Code available on github.

Topics, tf.estimator, pathlib, LSTMBlockFusedCell, tf.contrib.lookup.index_table_from_file, tf.contrib.estimator.stop_if_no_increase_hook,, tf.metrics, tf.logging


This blog post provides an introduction to and tf.estimator with a step-by-step review of my bi-LSTM + CRF implementation.



Not so long ago, designing Deep Learning software meant writing custom Model classes. However, with code and implementations piling up on github and other open-source platforms, developers soon had enough examples to start designing unified high-level APIs for models and data loading. After all, we are all lazy and writing boilerplate code is not necessarily our cup of tea.

Thanks to intense competition on the Deep Learning Framework landscape, driving innovation and development of new functionnalities, brillant minds at Google and elsewhere worked on new additions to Tensorflow. Don’t ask me which version has it all (but I’m pretty sure 1.9 is good enough).

This blog post provides an example of how to use and tf.estimator for NLP and demonstrate how you can quickly get a state-of-the-art NLP model up and running with as few as a 100 lines of Tensorflow code!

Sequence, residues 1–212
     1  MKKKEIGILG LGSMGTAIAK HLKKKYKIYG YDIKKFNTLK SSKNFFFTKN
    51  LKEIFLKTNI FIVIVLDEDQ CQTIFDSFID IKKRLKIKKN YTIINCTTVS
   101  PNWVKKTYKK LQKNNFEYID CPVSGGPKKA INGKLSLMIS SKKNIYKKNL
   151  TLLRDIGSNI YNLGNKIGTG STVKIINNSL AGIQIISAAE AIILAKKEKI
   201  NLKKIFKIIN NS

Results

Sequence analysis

Global configuration

If you like having an idea about what’s happening when you’re running your code, you need to change the level of verbosity of tensorflow logging (the module tf.logging which is built on top of the standard logging module). It does seem a bit weird that we have to take care of it, but hey, nothing is perfect and there probably is a reason that I am unaware of (nobody’s omniscient).

This snippet of code does a bit more than changing the verbosity: it also writes everything that tensorflow logs to a file. This is especially useful when you execute your code on a cluster of machines thanks to the help of a job manager (like slurm). The logs of stdout are probably accessible somewhere else, but I still think it’s better to have a version of it along with your weights and other stuff.

import logging
from pathlib import Path
import sys

import tensorflow as tf

# Setup logging
handlers = [
logging.getLogger('tensorflow').handlers = handlers

If you don’t know / don’t use the pathlib module (python3 only), try using it. It bundles a lot of os.path functionnality (and more) in a much nicer and easy-to-use package. I started using it after reading about it on this blog which also has a lot of other excellent articles.

We create two handlers: one that will write the logs to sys.stdout (the terminal window so that you can see what’s going on), and one to a file (as the FileHandler name implies). I prefer resetting the handlers completely to avoid double-logging.

So far, no Deep Learning, no Tensorflow (or barely), just python trickery.

Feed data with